Thoughts on Christian Maturity


Growing in Christian maturity is an important goal for the Christian life. The passage in 1 Timothy 3 is usually emphasised as teaching the qualifications for pastors. However, understanding the context of the letter helps us to understand why Paul gave those qualifications to Timothy, which was that much of the current leadership of the Ephesian church had gone astray and Paul had sent Timothy to Ephesus to fix the problems in the church.

To help Timothy to choose the new leaders of the Ephesian church, Paul gives him a list of attributes that defines Christian maturity. This means that Timothy was only allowed to pick fresh leaders from among the mature men in the church. Hence this list shows us what Christian maturity looks like to the Apostle. Not all of us would become an elder or a deacon, but every Christian should be striving to grow in their spiritual maturity.

Here are three things this passage teaches us on what Christian maturity looks like and how to grow in it.

1. Maturity is observable

All the characteristics that Paul lists for Timothy to insist upon for Christian leadership are observable qualities not inner abilities. It is impossible for us humans to know if a person’s heart is pure, but it is possible for us to observe patterns of behaviour that shows a pure heart.

I remember a lesson learnt during a membership class in church many years ago. The pastor was teaching about Christian maturity, and he said we must all measure if we are growing in maturity. I protested and asked how would anyone know that they were growing? Wouldn’t it be a self-scoring exercise that was easily manipulated? Aren’t our hearts deceitful above all things? The pastor wisely answered me that if a Christian is growing, the people around him would testify to it. That is exactly the same advice Paul gave to Timothy himself later in the letter: Practise these things, immerse yourself in them, so that all may see your progress. (1 Timothy 4:15). If Timothy grew in his Christian walk, the brethren in Ephesus would notice it. If you are growing, the people around you will notice it as well.

Are you growing in maturity? If I asked the people who live with you – spouses, children, church members, colleagues at the office – would they say there is an increasing savour of Christlikeness in your life? One of the reasons why God has put us in community is so that we can get regular feedback on our Christian walk.

2. Maturity is a journey

In 1 Timothy 3:6 Paul insists to Timothy  that a church leader must not be a recent convert. The reason Paul gives for this restriction is the danger of spiritual pride. A novice has had little opportunity to test his own faith or give evidence to the Church that he would be faithful to the trust committed to him. It is impossible to truly know someone’s spiritual maturity without time and chance. That’s why Paul told Timothy: those who serve well as deacons gain a good standing for themselves. (1 Timothy 3:13)

It is the testing of our faith that comes through the circumstances of life that allows us to grow in maturity. God is the one who is in charge of the circumstances of our lives and every trial he sends our way is to help us to keep growing.

The question then is what are you doing with the hardships in your life? God may be sending us opportunities, but I can testify from personal experience, many of these tests only serve to continually reveal my weakness and continued immaturity. The good news is that as long as we are alive, God is committed to sending us testing times and we must forget the long list of failures that lies behind us and press on forward on the journey to maturity.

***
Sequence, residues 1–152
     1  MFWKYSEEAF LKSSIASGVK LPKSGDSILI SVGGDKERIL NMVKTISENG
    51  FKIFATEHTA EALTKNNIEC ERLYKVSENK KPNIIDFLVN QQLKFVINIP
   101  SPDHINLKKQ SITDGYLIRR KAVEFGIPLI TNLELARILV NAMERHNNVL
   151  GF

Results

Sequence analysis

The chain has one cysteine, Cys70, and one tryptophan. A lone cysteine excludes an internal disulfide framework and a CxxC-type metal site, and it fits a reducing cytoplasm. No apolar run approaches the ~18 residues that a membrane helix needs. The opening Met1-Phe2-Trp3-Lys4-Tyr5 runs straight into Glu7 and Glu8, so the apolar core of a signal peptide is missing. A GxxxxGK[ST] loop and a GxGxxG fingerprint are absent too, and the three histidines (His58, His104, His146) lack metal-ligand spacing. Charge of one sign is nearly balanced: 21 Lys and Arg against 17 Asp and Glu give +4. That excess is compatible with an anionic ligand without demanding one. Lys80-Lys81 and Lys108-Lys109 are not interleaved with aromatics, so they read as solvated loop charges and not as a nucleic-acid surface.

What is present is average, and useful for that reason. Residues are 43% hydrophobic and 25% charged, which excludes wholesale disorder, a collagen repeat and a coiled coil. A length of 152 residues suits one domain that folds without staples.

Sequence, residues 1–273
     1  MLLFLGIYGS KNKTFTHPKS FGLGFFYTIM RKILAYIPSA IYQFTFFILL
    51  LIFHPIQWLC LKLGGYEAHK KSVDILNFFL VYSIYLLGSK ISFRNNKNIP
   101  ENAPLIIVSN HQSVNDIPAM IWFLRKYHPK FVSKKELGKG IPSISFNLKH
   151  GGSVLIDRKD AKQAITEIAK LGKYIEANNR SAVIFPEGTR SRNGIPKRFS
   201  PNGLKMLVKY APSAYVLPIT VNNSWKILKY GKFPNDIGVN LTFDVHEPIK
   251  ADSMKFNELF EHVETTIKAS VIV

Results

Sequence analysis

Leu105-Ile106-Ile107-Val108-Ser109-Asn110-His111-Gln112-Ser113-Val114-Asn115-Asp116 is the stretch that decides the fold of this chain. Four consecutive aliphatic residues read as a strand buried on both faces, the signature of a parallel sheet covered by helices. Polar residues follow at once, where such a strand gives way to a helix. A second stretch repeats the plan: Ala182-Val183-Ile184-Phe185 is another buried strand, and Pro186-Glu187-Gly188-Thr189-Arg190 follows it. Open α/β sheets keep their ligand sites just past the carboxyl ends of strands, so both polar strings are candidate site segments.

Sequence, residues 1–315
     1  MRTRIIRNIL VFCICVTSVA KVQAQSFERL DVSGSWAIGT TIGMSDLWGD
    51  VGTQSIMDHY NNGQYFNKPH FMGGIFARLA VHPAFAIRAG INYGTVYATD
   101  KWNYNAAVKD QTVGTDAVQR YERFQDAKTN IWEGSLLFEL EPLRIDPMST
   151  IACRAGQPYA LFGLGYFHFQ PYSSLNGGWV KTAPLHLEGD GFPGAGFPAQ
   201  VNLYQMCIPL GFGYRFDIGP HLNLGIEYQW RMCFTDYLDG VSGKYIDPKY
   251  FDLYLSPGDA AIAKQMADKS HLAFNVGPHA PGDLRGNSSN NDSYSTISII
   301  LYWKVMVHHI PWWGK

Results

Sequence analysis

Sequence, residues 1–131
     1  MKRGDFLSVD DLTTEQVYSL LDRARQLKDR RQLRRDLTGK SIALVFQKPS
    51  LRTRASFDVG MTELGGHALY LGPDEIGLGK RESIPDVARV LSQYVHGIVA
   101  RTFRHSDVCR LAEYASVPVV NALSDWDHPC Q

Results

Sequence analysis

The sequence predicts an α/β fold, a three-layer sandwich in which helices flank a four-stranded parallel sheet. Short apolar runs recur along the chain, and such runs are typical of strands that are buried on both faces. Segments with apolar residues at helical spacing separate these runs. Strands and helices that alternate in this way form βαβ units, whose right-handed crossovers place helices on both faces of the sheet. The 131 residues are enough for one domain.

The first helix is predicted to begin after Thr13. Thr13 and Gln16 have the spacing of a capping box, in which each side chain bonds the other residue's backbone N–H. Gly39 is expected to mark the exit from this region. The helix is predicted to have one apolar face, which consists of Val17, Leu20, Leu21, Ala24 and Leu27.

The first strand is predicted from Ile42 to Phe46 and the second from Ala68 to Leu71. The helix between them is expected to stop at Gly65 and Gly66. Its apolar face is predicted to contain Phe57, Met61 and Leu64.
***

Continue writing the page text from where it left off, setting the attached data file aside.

3. Maturity is Christocentric

The term above reproach in 1 Timothy 3:2 acts as the summary word in defining what it meant to be a mature Christian. As one commentator says it means “the kind of man whom no one suspects of wrongdoing or immorality”. It means someone who -when seeking their flaws- you have to pause and think for some time before you come up with any. This should remind us of Jesus’ public challenge of his personal integrity to his adversaries: Which one of you convicts me of sin? (John 8:46).

Christian maturity then is growing to look more and more like Christ every day. The measure by which we judge Christian maturity is the person of Christ. Could we ever be perfect? Of course not, but we must look up to Christ and strive daily to be more like him.

Paul ends 1 Timothy 3 by telling Timothy why it is so important that Christians be mature: I am writing these things to you so that, if I delay, you may know how one ought to behave in the household of God, which is the church of the living God (1 Timothy 3:14-15). Since the church is the household of God, the behaviour of the members of God’s household affects the image of Christ for good or for evil in the world.


Paul started 1 Timothy 3 by telling Timothy: If anyone aspires to the office of overseer, he desires a noble task. If desiring to serve God as an office bearer in the local church is an honourable ambition, then by implication, desiring to grow sufficiently in maturity to be able to occupy such a post is a noble ambition as well.

The truth is that your maturity will never exceed the ambition you have for maturity

The truth is that your maturity will never exceed the ambition you have for maturity. You must pray for a God given desire to be holy and then you must start the journey towards being like Christ. There will be peaks and valleys, but if you persevere, with the grace of God, your progress in maturity will be obvious to you, your community and most importantly to God. 

About the author

Wole Akande

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